What's My Line?

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CBS (ended 1967)

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  • Season 15 Episode 47: EPISODE #722

  • GOOF ALERT: A blindfolded Bennett asked mystery guest Jack Palance if he was ever on the "WML?" panel and Mr. Palance, doing a Spanish-language voice, answered in the affirmative. In fact, Jack never appeared on the "WML?" panel at any time during its run on CBS; his only other appearance was also as a mystery guest, on EPISODE #286 of November 27, 1955. - W-B

  • Season 15 Episode 41: EPISODE #716

  • GOOF ALERT: During the mystery guest round, after Bennett received a "no" answer from Helen Hayes to the question of whether she was currently on Broadway, John directly went to Dorothy without flipping any cards. - W-B

  • Season 15 Episode 38: EPISODE #713

  • GOOF ALERT: Before the first commercial, John flubs his transitory line thus: "We'll also have a famous mystery guest before my friends on the channel a little - er, panel, rather, a little bit later in the program..." - W-B

  • Season 15 Episode 30: EPISODE #705

  • WHAT'S IN A NAME? As Arlene is about to guess the product of Ed Dempsey, the aspirin manufacturer, she asks, "Can we use a brand name?" She showed concern because the broadcast media treated the use of brand names in unauthorized settings very carefully from its earliest days in the 1920s until the 1990s when cautions were relaxed. While "aspirin" was a name in the public domain in 1964, it had not always been so. The Bayer company created the name Aspirin and registered it as a trademark in the late 1800's, but within 20 years, the name was in common use and a federal court ruled in 1921 that the trademark owner no longer had a claim to the name. Since then, other owners of common trade names have exerted concerted efforts to keep their names out of the public domain.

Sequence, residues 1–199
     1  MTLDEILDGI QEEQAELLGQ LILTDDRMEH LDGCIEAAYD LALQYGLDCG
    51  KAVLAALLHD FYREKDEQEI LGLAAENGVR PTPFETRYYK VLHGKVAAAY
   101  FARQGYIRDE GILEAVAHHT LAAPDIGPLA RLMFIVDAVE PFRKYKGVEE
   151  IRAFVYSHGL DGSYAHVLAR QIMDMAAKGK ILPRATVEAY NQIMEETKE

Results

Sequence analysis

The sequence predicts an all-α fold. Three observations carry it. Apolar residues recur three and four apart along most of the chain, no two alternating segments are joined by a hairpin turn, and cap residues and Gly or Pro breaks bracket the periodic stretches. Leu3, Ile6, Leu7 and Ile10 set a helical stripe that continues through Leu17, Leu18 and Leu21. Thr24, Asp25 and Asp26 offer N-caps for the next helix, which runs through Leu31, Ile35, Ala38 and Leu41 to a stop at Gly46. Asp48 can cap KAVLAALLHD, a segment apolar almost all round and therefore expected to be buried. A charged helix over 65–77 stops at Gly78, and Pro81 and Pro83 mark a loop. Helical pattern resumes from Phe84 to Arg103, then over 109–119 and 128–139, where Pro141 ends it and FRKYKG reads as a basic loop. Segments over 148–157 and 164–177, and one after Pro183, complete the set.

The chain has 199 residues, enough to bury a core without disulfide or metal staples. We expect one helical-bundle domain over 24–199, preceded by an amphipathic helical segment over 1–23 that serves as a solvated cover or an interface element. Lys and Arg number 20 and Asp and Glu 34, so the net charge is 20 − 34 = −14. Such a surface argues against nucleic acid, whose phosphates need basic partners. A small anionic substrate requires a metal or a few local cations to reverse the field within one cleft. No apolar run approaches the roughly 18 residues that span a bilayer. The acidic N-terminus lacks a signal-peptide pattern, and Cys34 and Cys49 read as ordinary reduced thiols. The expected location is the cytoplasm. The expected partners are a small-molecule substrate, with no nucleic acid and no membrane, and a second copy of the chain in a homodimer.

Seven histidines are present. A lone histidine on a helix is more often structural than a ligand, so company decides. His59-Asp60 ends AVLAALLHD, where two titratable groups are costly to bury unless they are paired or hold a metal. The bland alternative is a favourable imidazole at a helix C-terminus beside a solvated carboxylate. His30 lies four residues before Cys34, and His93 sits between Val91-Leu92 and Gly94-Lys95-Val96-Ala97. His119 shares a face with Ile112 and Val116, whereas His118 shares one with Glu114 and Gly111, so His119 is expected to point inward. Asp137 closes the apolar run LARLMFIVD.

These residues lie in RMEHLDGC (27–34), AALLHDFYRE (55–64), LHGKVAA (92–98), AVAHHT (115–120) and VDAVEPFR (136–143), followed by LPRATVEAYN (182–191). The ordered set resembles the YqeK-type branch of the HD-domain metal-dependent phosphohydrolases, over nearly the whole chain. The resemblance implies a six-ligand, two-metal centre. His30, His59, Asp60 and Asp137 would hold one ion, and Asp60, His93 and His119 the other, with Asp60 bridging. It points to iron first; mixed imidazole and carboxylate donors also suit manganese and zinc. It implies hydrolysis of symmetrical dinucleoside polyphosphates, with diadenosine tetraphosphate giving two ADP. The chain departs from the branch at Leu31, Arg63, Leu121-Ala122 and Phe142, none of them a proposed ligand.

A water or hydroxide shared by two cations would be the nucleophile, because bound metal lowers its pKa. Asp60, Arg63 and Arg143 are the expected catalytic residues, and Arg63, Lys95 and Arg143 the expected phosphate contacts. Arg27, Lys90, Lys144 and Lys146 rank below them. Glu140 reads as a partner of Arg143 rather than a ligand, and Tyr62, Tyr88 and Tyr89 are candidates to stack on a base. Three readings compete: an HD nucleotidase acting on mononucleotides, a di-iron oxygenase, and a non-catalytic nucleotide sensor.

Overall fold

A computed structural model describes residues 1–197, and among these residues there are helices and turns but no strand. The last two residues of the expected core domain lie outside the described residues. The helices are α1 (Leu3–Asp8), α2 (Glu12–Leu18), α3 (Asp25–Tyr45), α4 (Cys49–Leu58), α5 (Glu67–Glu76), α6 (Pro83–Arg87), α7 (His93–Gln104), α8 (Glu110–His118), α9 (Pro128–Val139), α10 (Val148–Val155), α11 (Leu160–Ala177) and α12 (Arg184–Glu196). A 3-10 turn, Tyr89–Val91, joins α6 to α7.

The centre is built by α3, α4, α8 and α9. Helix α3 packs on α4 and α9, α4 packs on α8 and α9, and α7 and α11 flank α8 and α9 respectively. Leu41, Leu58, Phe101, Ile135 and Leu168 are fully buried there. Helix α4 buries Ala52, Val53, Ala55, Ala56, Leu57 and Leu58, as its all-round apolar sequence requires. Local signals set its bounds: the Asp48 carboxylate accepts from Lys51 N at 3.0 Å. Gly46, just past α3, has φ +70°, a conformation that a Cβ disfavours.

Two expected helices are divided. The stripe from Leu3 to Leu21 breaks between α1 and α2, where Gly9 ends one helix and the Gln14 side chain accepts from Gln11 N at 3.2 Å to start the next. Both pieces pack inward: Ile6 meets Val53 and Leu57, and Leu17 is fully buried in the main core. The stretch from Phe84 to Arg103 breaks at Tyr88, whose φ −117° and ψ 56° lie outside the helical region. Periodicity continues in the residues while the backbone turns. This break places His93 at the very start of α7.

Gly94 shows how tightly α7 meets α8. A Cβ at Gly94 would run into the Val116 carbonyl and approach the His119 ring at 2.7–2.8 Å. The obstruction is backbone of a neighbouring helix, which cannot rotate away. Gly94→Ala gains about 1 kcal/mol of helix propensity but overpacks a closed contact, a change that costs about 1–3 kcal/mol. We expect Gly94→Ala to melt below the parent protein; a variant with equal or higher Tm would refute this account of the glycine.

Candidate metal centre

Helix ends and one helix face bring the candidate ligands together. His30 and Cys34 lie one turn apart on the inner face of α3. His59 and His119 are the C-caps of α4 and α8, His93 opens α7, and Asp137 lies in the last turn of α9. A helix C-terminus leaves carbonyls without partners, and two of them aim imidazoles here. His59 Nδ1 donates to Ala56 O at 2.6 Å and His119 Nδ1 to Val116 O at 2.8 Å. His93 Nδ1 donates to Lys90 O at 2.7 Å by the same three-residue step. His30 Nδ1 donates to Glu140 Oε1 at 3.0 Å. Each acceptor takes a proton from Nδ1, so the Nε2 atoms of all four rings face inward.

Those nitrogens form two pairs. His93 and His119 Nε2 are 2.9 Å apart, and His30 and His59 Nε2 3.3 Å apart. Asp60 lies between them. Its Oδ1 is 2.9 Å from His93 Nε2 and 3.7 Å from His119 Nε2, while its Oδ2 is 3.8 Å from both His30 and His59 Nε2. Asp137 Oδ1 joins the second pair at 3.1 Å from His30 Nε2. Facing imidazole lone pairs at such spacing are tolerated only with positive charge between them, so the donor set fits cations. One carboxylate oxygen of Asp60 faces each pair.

Common trademarks often incorrectly used as generic terms include Band-Aid, Dumpster, Jell-O, Kleenex, Scotch tape and Xerox. Those names are still registered as trademarks.

    Common trademarked names which are struggling to retain their trademarked status include Ace bandage, Advil, Ajax, Aqua-Lung, Baggies, Beer Nuts, BVDs, ChapStick, Crescent wrench, Freon, Hells Angels, Hula Hoop, Kitty Litter, Ouija game board, Pampers, Ping-Pong, Port-a-Potty, Weedeater, Windex, Ziplock and more.

    The list of formerly copyrighted names that have entered the public domain, much to their owners' regret, is surprisingly long and includes Allen wrench, bikini, cellophane, crock pot, dry ice, escalator, gramophone, granola, heroin (trademarked by Bayer as a pain reliever!), lanolin, laundromat, mimeograph, plasterboard, yo-yo and zipper.

    For more reading: http://en.wikipedia.org/wiki/List_of_generic_and_genericized_trademarks

    Lee McIntyre (2006)

  • Season 15 Episode 26: EPISODE #701

  • ZIEGFELD THEATRE TRIVIA: Arlene mentions that Bert Lahr is appearing in "Foxy" at the Ziegfeld Theatre. This theatre was built in 1927 and despite its name, the "Ziegfeld Follies" were never presented there. After a few years, the theatre became a "Loews" movie house and then a TV studio before becoming a legitimate theatre again around 1960. The theatre was closed and demolished in 1966. A "Ziegfeld" movie theatre now stands down the block from the original. Ironically, as of 2006, this theatre is currently the largest movie theatre in Manhattan. - ymike673

  • Season 15 Episode 24: EPISODE #699

  • John Daly incorrectly said that Johnny Mercer was a 2-time Oscar winner. At this time, Mercer was actually a 4-time Oscar winner, and was evidently too humble to correct John. Mercer had won the following songwriting Oscars to date: 1947 Oscar for "On the Atchison, Topeka and Santa Fe" - 1952 Oscar for "In the Cool, Cool, Cool of the Evening" - 1962 Oscar for "Moon River" - 1963 Oscar for "Days of Wine and Roses" - Suzanne

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